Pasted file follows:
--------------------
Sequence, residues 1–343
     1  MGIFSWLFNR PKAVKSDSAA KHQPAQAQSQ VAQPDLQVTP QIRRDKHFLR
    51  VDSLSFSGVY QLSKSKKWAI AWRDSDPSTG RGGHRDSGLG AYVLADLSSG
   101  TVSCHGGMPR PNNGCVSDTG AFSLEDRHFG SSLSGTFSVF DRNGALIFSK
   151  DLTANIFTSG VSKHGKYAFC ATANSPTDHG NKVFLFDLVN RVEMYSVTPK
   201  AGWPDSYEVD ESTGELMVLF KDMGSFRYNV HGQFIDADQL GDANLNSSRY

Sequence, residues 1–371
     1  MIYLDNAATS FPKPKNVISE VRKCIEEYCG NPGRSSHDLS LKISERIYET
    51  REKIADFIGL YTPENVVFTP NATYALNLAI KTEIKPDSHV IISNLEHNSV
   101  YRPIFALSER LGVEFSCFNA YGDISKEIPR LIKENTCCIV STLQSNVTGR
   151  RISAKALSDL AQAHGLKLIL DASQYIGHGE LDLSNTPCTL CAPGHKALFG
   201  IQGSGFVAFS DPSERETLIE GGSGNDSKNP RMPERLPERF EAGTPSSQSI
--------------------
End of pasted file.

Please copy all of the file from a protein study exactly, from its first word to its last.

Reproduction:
Sequence, residues 1–343
     1  MGIFSWLFNR PKAVKSDSAA KHQPAQAQSQ VAQPDLQVTP QIRRDKHFLR
    51  VDSLSFSGVY QLSKSKKWAI AWRDSDPSTG RGGHRDSGLG AYVLADLSSG
   101  TVSCHGGMPR PNNGCVSDTG AFSLEDRHFG SSLSGTFSVF DRNGALIFSK
   151  DLTANIFTSG VSKHGKYAFC ATANSPTDHG NKVFLFDLVN RVEMYSVTPK
   201  AGWPDSYEVD ESTGELMVLF KDMGSFRYNV HGQFIDADQL GDANLNSSRY

Sequence, residues 1–371
     1  MIYLDNAATS FPKPKNVISE VRKCIEEYCG NPGRSSHDLS LKISERIYET
    51  REKIADFIGL YTPENVVFTP NATYALNLAI KTEIKPDSHV IISNLEHNSV
   101  YRPIFALSER LGVEFSCFNA YGDISKEIPR LIKENTCCIV STLQSNVTGR
   151  RISAKALSDL AQAHGLKLIL DASQYIGHGE LDLSNTPCTL CAPGHKALFG
   201  IQGSGFVAFS DPSERETLIE GGSGNDSKNP RMPERLPERF EAGTPSSQSI